Giorgio Koukl | 13 MAY 2021
This album was my first encounter with the American Pacific Northwest composer Alex Shapiro and I have to admit that this was the best way to get to know her work.
First of all, the idea of presenting piano compositions from the last twenty years in a single recording is a winning one. Second, the selection of pianist Adam Marks is the possibly best choice for a composer actually not so well known, at least here in Europe. After listening to a generous 80 minutes of the content some evidence emerges: this music has its own power, a seductive quality of clearly American origin, recalling some Copland, Bernstein and even Ives, but elaborated in a personal way which has no equal.
Ms. Shapiro possesses a great capacity of melodic variety, a very personal way of elaborating the themes and a distinctive manner to express her inner sentiments, feelings and ideas so that this material can be transmitted, enjoyed and communicated with ease. The musical material is treated with respect and great comprehension by the pianist. He is also blessed by a great team of piano tuner, technician and a concert piano of great quality. All these elements are not so common nowadays, but when present, they should be noted and appreciated.
The musical material of Ms. Shapiro consists primarily of single ostinato cells, slow rhythmical shifts, some very fine harmonic elaborations and a refined sense of phrase construction. There are no virtuoso passages. All is based on intimacy, feelings and transposition of smallest events into the magical world of musical writing, a detail of which which Ms. Shapiro has full command.
Today, while many are trying the way to express themselves by writing music, an encounter with such a talented person is a gift per se. But when all this is played and expressed by a really good pianist, which Mr. Marks certainly is, that is a bonus not so easily available elsewhere.
Mr. Marks has the capacity of comprehension and penetration of the soul of a score far beyond usual. His careful dynamic plan, his extreme detail in touch and phrasing and finally his way of staying and remaining in service of the score, rather than using the score to express his ego, are really unique.
A few more elements must be underlined while following the piano playing of Mr. Marks.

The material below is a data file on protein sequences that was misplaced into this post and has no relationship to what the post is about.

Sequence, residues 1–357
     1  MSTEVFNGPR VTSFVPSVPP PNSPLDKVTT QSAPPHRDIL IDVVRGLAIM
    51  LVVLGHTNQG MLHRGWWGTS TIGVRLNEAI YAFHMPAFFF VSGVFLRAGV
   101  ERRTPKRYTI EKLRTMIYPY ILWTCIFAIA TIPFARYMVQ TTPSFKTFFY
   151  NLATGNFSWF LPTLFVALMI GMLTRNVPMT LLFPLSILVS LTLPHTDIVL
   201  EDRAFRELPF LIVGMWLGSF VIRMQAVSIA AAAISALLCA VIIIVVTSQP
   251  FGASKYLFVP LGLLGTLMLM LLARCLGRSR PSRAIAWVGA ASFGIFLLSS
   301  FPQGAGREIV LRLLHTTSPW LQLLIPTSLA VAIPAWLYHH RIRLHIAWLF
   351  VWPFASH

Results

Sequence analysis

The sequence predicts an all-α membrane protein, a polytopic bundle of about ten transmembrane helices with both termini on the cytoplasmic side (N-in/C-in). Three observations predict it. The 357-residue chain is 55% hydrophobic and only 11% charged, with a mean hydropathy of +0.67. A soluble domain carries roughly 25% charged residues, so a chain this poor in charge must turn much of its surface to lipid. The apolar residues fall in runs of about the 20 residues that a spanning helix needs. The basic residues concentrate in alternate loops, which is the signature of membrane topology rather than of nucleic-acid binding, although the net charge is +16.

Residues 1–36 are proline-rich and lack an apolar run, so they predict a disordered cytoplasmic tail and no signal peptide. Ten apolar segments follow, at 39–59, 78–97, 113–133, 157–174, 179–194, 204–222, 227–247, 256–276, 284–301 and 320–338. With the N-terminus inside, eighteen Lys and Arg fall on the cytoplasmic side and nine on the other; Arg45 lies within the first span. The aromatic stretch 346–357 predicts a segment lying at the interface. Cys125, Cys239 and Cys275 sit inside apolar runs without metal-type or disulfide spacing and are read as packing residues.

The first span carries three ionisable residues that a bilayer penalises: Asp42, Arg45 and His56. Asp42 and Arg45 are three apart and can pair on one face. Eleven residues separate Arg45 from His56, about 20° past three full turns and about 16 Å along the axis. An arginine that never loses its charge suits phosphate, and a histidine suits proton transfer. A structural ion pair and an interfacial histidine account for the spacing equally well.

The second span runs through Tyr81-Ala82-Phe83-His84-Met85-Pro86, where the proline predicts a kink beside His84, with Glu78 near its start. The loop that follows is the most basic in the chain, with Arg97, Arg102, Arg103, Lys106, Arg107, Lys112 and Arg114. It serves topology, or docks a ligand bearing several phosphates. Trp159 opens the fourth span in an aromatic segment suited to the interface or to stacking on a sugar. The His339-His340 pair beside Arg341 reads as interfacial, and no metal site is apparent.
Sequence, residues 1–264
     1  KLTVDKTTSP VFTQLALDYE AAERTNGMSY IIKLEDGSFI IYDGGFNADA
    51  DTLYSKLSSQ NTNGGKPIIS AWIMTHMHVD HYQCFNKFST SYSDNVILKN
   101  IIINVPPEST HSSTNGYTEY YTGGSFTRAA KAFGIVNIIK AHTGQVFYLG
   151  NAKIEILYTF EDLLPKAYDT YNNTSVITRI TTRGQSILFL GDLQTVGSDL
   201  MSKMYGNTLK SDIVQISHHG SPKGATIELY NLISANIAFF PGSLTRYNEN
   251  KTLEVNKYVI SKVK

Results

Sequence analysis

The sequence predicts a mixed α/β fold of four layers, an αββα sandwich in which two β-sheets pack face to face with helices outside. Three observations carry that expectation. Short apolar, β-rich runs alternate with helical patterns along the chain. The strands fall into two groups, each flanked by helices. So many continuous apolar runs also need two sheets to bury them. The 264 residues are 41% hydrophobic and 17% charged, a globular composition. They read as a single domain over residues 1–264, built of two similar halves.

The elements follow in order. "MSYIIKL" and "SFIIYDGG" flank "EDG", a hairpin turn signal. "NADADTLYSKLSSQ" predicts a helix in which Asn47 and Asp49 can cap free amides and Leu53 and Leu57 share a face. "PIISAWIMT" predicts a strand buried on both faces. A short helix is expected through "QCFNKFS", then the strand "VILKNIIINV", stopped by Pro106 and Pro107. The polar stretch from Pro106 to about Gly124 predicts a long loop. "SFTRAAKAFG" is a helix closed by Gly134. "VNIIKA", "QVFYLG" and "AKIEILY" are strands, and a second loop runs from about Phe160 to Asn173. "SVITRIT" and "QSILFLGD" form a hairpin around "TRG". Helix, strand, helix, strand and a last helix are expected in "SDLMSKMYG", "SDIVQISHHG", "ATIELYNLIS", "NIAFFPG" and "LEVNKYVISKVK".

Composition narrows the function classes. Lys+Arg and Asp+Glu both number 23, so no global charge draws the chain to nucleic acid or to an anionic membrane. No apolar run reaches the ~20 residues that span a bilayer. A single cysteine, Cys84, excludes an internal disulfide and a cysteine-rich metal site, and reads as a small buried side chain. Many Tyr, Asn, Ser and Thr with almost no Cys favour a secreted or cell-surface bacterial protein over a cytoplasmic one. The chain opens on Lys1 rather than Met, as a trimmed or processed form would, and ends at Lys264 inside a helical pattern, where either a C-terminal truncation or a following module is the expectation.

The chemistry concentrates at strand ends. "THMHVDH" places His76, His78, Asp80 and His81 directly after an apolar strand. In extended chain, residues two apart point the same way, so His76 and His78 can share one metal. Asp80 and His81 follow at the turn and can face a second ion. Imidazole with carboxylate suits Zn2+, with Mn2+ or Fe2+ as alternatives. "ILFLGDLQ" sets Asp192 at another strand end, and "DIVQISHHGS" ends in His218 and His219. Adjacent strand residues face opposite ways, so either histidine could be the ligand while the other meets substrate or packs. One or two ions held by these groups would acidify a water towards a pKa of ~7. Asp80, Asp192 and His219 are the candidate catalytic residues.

Rarely have I heard such a beautiful legato, with the right hand literally caressing the keyboard. Rarely have I heard such a wise use of pedal, never too much, never not enough.
A dynamic finesse, uncommon even within the range of so-called great names, seems to be among the natural qualities of this pianist. There are never dull moments in his playing, he captures the attention of his audience, constantly pondering his interpretation in a way so as to never overuse a certain detail, but always offer a fresh insight into a score.
At this point it has to be said that the scores of Ms. Shapiro certainly are not the easy stuff to comprehend and render. Being widely lyrical and even somehow repetitive in character this music needs a precise plan to keep its freshness and inner beauty. Mr. Marks never, even for a moment, delivers less than a maximum of care for these scores.
All these small details contribute to a CD which really deserves a high applause. It gives to anybody an easy access to the inner world of a gifted composer who would definitely deserve to be more known, played and who I personally would like to follow in more complex works for symphonic ensembles – a task which she certainly would accomplish with great ease and which would surely give to the world more wonderful music.
A few of my researches in order to follow more works of Ms. Shapiro, even if limited by what’s available online, showed her great ability to cope with the larger forms.
I would wish her to have the means, time and passion to fully develop her potential in the world of composition, especially the symphonic one. She certainly has the capacities and in the future definitely will have more public who will follow. ■